Welcome to my blog!
Thanks to Sandra Warren, http://sandrawarrenwrites.blogspot.com/, my critique group friend for having me join. I’ll get right to the questions.
1. and 2. What am I working on right now? How does it differ from what I’ve written before?
My current projects are to finish my WIP, a MG humor book, and to write a Memoir about my experience with cancer. Very different from each other, but I like to have more than one thing going at a time.
3. Why do you write what you do?
When people ask why I write, I tell them the truth. I’ve tried to quit. But, not writing makes me miserable. So I continue to work at it. I read a lot, I attend writing conferences—Writing & Illustrating For Young Readers is my favorite, http://www.wifyr.com/, and I continue to learn the craft.
At the moment, I’m focused on learning how to write Memoir.
4. How does your writing process work?
The first step in learning to write is to Read. Read. Read.
The next step is to write, write, write, and write more.
For this new-to-me-genre of Memoir, I had to learn what I was getting into. A memoir is different from a biography or autobiography because a memoir describes a slice of life or a theme from a person’s life as opposed to a personal history.
In my reading of memoirs, the authors have told everything about the section of their lives they addressed. The books are deeply personal yet have universal themes, ideas or experiences. The books described the good, happy, and inspirational; the bad, difficult, and sad; and the ugly, illegal, and sordid things the authors did themselves or experienced at the hand of others.
Author Cheryl Strayed teaches Memoir. In a recent radiocast she said she “didn’t wait” to write the book Wild, though it was published 17 years after the events she described. She explains, “Memoir is not the form of what happened, it’s the form of what what happened meant . So until a writer has something to say about an experience, there is nothing to say. It took me that long to really have an idea of what this story was truly about and what I wanted to write about.“ If you’d like to listen to the entire interview go to: http://radiowest.kuer.org/post/cheryl-strayed-wild-1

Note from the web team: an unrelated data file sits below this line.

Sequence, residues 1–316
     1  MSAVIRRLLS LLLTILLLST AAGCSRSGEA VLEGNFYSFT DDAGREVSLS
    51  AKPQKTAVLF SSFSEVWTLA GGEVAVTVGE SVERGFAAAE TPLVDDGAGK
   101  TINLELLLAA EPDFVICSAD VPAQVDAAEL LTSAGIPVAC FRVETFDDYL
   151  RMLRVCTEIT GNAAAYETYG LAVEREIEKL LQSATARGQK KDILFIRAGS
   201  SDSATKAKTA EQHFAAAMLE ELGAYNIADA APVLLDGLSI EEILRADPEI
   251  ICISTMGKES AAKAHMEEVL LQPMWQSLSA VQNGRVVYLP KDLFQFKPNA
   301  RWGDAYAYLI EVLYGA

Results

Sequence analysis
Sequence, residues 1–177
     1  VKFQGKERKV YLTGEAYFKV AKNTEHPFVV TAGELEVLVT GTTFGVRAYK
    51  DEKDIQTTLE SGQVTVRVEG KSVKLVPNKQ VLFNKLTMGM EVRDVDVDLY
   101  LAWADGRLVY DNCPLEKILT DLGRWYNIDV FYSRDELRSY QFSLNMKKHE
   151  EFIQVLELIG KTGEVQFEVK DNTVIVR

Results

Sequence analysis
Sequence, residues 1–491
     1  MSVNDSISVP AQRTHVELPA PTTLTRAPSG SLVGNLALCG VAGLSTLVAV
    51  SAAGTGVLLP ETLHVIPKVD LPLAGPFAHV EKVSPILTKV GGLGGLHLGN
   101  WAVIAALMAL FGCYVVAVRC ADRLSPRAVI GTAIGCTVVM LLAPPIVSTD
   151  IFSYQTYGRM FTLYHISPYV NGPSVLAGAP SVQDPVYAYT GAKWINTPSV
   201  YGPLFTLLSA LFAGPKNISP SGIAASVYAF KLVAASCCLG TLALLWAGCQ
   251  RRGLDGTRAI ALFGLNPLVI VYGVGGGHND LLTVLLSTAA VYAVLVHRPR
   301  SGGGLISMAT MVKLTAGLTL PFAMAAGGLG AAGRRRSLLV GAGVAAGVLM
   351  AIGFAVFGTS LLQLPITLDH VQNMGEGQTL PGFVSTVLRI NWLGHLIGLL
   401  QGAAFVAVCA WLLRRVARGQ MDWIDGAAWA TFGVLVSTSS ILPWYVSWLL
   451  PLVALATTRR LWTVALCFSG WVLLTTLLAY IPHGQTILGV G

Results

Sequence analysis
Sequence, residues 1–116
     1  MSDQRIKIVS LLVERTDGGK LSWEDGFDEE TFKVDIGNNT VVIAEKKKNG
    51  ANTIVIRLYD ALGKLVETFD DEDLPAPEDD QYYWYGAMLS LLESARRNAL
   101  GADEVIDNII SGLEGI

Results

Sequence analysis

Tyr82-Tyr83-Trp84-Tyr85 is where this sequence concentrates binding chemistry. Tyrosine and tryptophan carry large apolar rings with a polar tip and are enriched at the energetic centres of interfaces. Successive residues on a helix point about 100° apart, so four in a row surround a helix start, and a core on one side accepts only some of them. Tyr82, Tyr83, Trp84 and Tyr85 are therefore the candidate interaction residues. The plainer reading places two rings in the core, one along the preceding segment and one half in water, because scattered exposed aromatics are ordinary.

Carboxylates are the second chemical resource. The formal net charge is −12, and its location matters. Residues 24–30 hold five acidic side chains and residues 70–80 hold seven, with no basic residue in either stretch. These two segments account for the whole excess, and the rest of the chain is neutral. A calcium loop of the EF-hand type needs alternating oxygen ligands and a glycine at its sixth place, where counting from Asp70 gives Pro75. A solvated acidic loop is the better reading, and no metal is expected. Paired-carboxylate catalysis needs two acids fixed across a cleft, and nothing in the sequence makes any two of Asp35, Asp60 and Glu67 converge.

Some of the memoirs I read revealed detailed private information (for instance mental health issues or illegal activities or personal relationships) of the author, his or her parents, family members, and/or friends that influenced the author’s life. Many of the authors told the story of their own coming of age. Most included their religious beliefs or their lack of or loss of religious beliefs. The authors told their stories without apology, guilt, regret or self pity. My favorite memoirs were the ones that gave hope for a better future rather than just remembering scenes from the author’s life.
I’ve learned that to write a good memoir one must do what Madeleine L’Engle wrote, regarding communicating with each other, “It means really speaking to each other, destroying platitudes and jargon and all the safe cushions of small talk with which we insulate ourselves; not being afraid to talk about the things we don’t talk about, the ultimate things that really matter.”
I’ve learned that writing Memoir is not any easier than any other kind of writing, but it is a fun challenge!
Look for these authors next week…
CAROL LYNCH WILLIAMS, author of over two dozen published books, including the widely acclaimed YA novel, The Chosen One, http://throwingupwords.wordpress.com/
AMY WHITE, author of Dressing the Naked Hand: The World’s Greatest Guide to Puppetry and Puppeteering (May, 2014), http://writinglibrarian.blogspot.com/
and YA Fantasy and Science Fiction Writer, BRADLEY JOHNSON, http://storyjuggler.wordpress.com/